Around 2,000 penguins have appeared dead on the coast of eastern Uruguay in the last 10 days, and the cause, which does not appear to be avian influenza, remains a mystery, authorities said.
The Magellanic penguins, mostly juveniles, died in the Atlantic Ocean and were carried by currents to Uruguayan shores, said Carmen Leizagoyen, head of the Environment Ministry’s department of fauna.
“This is mortality in the water. Ninety percent are young specimens that arrive without fat reserves and with empty stomachs,” she said, and stressed that all samples taken have tested negative for avian influenza.
Magellanic penguins nest in southern Argentina. In the southern hemisphere winter, they migrate north in search of food and warmer waters, even reaching the coast of the Brazilian state of Espirito Santo.
“It is normal for some percentage to die, but not these numbers,” Ms Leizagoyen said, recalling that a similar die-off occurred last year in Brazil, for undetermined reasons.
Hector Caymaris, director of the Laguna de Rocha protected area, told AFP that he counted more than 500 dead penguins along six miles (10 kilometers) of Atlantic coast.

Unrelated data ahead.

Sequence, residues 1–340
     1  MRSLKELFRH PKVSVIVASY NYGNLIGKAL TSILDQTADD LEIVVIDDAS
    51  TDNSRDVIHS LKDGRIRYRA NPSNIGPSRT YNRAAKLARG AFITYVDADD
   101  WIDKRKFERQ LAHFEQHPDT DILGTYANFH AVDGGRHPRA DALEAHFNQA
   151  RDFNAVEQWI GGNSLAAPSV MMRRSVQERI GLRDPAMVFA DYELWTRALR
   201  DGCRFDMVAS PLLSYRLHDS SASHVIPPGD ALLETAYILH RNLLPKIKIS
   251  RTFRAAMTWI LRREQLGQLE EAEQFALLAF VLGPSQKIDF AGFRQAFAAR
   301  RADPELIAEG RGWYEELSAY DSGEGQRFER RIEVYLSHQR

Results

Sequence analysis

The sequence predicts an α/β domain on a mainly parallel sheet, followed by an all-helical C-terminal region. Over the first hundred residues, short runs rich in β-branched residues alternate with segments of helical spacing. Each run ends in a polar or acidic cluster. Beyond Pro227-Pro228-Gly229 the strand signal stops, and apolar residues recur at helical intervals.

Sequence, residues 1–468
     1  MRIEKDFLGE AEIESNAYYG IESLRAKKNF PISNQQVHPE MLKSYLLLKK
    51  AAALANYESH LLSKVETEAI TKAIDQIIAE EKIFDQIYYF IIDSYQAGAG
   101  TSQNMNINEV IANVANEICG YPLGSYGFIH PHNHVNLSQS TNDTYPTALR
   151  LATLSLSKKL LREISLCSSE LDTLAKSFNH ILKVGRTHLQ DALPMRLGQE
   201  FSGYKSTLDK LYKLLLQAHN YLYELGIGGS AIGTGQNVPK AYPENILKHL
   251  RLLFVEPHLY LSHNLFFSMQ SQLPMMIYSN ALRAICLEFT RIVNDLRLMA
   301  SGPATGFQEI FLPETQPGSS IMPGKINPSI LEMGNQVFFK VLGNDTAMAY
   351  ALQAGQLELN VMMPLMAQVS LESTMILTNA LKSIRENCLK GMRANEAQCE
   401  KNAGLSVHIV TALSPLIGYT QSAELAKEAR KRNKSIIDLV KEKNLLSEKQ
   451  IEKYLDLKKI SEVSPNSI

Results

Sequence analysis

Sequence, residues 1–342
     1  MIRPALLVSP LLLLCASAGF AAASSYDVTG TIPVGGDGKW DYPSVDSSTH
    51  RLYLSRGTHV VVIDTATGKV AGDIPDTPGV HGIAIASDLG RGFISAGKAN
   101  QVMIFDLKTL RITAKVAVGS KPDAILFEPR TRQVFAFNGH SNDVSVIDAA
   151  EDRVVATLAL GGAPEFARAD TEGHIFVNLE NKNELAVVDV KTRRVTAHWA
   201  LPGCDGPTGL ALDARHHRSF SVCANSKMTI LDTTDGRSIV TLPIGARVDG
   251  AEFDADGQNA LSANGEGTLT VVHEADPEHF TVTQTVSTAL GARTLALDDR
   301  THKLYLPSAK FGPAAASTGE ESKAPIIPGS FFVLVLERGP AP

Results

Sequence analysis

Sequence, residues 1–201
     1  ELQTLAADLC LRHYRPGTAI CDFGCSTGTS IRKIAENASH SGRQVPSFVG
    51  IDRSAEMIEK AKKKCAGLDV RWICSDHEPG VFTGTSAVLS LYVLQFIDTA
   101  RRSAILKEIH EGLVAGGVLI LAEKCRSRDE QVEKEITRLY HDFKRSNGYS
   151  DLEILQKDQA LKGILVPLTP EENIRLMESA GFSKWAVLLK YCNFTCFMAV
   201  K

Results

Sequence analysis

Environmental advocates attribute the increase in Magellanic penguin deaths to overfishing and illegal fishing.
“From the 1990s and 2000s we began to see animals with a lack of food. The resource is overexploited,” Richard Tesore, of the NGO SOS Marine Wildlife Rescue, told AFP.
A subtropical cyclone in the Atlantic, which hit southeastern Brazil in mid-July, probably caused the weakest animals to die from the inclement weather, he added.
In addition to penguins, Mr Tesore said he has recently found dead petrels, albatrosses, seagulls, sea turtles and sea lions on the beaches of Maldonado, a department east of the capital Montevideo.
(Except for the headline, this story has not been edited by NDTV staff and is published from a syndicated feed.)
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